isotope

any of the forms of an element having the same number of protons (atomic number) but a different number of neutrons (atomic mass). Some isotopes of an element may be radioisotopes (e.g. 12C is not radioactive while 14C is) and yet can function normally in biological material. Isotopes can thus be ‘tagged’ (using suitable detection devices such as geiger counters and autoradiography) as biochemical processes occur. See HALF-LIFE, AUTO RADIO GRAPH.

Isotope

An unstable form of an element that gives off radiation to become stable. Elements are characterized by the number of electrons around each atom. One electron's negative charge balances the positive charge of each proton in the nucleus. To keep all those positive charges in the nucleus from repelling each other (like the same poles of magnets), neutrons are added. Only certain numbers of neutrons work. Other numbers cannot hold the nucleus together, so it splits apart, giving off ionizing radiation. Sometimes one of the split products is not stable either, so another split takes place. The process is called radioactivity.

i·so·tope

(ī'sŏ-tōp)
One of two or more nuclides that are chemically identical, having the same number of protons, yet differ in mass number, because their nuclei contain different numbers of neutrons.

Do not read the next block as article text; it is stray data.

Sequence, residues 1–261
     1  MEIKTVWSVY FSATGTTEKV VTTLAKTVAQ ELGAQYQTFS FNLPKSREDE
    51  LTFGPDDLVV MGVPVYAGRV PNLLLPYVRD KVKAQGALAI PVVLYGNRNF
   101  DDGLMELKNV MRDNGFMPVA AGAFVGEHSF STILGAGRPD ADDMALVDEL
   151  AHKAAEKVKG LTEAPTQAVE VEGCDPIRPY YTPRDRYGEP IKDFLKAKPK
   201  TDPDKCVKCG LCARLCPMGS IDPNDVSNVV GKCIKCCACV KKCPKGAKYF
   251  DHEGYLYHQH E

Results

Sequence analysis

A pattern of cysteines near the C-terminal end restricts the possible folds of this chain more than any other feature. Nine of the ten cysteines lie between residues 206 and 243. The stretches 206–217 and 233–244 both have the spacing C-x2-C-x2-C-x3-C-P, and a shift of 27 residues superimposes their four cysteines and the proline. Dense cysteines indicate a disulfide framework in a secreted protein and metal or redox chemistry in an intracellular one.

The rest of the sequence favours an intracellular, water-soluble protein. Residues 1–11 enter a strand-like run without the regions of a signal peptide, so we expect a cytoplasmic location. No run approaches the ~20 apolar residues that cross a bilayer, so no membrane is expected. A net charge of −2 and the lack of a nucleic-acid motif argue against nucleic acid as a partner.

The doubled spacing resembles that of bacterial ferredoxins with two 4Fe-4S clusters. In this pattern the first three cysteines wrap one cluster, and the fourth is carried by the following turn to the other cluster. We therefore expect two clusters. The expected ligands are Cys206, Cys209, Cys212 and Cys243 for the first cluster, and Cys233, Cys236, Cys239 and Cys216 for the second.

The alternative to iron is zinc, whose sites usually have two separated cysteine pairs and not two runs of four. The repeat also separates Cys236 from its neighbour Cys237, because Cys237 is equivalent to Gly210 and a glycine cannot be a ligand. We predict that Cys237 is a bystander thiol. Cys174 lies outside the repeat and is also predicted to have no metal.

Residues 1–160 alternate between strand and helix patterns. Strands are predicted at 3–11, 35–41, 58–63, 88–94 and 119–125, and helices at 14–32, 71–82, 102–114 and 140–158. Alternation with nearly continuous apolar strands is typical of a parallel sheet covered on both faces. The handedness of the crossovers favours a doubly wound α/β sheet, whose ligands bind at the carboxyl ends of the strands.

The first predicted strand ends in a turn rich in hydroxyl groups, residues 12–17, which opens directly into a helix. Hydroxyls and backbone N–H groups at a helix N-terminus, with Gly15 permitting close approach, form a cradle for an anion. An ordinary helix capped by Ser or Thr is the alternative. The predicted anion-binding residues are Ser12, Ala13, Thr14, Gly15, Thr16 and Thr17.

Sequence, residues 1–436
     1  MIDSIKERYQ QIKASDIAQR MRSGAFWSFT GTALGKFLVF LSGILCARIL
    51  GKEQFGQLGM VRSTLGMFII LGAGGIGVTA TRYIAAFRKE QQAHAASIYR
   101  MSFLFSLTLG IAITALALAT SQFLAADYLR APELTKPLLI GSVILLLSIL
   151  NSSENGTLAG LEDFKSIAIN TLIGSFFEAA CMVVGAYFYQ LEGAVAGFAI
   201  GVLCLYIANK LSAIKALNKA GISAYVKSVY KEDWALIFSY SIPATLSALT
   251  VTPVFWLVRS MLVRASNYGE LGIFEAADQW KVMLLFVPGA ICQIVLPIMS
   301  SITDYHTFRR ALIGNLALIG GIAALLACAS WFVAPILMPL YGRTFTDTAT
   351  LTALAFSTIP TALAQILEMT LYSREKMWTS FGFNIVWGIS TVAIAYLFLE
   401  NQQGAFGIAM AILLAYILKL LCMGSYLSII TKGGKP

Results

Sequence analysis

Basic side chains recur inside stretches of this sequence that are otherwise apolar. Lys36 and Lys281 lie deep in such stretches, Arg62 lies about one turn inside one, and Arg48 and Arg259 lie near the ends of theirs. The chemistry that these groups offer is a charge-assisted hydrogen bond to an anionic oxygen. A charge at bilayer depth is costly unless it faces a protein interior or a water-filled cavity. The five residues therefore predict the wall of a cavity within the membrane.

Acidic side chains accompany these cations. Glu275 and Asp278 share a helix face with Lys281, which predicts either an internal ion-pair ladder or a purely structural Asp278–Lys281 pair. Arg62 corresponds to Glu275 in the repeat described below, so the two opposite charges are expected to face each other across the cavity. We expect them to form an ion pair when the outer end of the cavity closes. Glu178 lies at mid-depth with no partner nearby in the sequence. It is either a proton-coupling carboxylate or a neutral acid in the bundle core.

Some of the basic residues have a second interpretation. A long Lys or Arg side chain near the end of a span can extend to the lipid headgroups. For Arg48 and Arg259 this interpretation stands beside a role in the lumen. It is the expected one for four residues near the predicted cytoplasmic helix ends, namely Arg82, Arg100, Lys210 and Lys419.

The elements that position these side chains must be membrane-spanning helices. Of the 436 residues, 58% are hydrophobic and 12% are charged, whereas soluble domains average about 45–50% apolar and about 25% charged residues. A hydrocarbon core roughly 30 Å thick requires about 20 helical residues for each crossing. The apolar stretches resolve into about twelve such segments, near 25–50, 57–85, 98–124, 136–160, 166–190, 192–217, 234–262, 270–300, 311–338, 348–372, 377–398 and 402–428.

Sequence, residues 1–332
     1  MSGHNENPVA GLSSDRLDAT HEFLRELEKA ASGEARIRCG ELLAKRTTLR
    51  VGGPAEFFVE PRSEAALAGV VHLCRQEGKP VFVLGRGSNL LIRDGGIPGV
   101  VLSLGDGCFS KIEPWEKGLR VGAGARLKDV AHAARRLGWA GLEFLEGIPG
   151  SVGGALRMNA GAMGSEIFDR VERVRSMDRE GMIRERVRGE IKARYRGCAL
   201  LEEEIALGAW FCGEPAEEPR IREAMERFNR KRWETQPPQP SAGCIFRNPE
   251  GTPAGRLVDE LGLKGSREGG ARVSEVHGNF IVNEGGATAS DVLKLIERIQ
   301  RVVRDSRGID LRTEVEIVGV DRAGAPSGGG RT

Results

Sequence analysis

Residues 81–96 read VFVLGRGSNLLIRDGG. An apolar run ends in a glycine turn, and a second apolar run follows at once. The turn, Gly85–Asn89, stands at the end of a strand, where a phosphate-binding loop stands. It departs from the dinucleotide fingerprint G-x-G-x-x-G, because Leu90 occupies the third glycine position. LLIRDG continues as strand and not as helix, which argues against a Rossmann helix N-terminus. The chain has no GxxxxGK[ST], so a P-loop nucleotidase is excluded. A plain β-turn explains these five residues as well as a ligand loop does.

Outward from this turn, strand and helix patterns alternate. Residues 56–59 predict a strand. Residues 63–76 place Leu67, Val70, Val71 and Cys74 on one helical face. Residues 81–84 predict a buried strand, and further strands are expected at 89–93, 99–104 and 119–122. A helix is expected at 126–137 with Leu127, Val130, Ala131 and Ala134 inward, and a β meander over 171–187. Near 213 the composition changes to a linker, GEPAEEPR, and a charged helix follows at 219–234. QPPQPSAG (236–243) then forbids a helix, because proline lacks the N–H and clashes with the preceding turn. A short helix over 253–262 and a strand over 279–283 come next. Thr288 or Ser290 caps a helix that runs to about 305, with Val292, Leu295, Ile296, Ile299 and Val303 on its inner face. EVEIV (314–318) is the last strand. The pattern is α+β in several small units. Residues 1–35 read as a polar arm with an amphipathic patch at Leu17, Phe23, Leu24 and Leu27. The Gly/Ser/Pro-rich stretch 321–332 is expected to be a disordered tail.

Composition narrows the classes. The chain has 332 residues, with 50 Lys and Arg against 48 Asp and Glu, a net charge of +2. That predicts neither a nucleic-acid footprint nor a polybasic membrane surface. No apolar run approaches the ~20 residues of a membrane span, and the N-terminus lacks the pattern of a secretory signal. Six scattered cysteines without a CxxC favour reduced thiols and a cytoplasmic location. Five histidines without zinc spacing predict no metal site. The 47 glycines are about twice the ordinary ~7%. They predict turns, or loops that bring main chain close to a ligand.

[iso- + G. topos, part, place]
References in periodicals archive ?
Maize was the first food tracked isotopically in archaeological human diet because of how sharply it stands out against pre-agricultural, isotopically dissimilar ([C.sub.3]) background of most New World diets (J.
Expectations for Hypothesis 3: We expect some or all of the remains (1) to be morphologically diverse, with a possible mix of ancestral backgrounds including European and Native American ancestry consistent with the central Missouri region, (2) to exhibit a range of mtDNA haplogroups known to be in high frequency for Native Americans or European Americans, and (3) to be isotopically consistent with strontium isotope range of 0.7089-0.7123, which represents the central Missouri region.